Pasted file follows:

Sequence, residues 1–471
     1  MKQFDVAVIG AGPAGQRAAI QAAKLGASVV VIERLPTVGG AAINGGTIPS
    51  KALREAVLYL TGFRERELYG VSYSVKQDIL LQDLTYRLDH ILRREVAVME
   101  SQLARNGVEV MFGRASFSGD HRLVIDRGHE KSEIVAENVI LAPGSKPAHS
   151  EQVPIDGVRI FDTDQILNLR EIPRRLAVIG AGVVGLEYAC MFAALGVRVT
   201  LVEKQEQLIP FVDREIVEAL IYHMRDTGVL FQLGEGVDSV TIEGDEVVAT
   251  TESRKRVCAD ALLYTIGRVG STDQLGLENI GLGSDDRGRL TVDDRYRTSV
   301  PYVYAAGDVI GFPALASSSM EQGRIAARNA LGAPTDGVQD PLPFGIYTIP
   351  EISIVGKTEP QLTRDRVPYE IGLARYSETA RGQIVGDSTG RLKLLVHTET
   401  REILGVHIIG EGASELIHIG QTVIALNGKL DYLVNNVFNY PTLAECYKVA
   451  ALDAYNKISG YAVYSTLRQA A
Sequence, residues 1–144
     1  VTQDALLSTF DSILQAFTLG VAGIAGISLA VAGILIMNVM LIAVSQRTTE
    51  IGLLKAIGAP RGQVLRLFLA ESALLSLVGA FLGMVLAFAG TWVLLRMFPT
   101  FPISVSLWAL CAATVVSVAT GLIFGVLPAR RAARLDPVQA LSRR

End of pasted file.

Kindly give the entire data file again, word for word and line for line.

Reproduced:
Sequence, residues 1–471
     1  MKQFDVAVIG AGPAGQRAAI QAAKLGASVV VIERLPTVGG AAINGGTIPS
    51  KALREAVLYL TGFRERELYG VSYSVKQDIL LQDLTYRLDH ILRREVAVME
   101  SQLARNGVEV MFGRASFSGD HRLVIDRGHE KSEIVAENVI LAPGSKPAHS
   151  EQVPIDGVRI FDTDQILNLR EIPRRLAVIG AGVVGLEYAC MFAALGVRVT
   201  LVEKQEQLIP FVDREIVEAL IYHMRDTGVL FQLGEGVDSV TIEGDEVVAT
   251  TESRKRVCAD ALLYTIGRVG STDQLGLENI GLGSDDRGRL TVDDRYRTSV
   301  PYVYAAGDVI GFPALASSSM EQGRIAARNA LGAPTDGVQD PLPFGIYTIP
   351  EISIVGKTEP QLTRDRVPYE IGLARYSETA RGQIVGDSTG RLKLLVHTET
   401  REILGVHIIG EGASELIHIG QTVIALNGKL DYLVNNVFNY PTLAECYKVA
   451  ALDAYNKISG YAVYSTLRQA A
Sequence, residues 1–144
     1  VTQDALLSTF DSILQAFTLG VAGIAGISLA VAGILIMNVM LIAVSQRTTE
    51  IGLLKAIGAP RGQVLRLFLA ESALLSLVGA FLGMVLAFAG TWVLLRMFPT
   101  FPISVSLWAL CAATVVSVAT GLIFGVLPAR RAARLDPVQA LSRR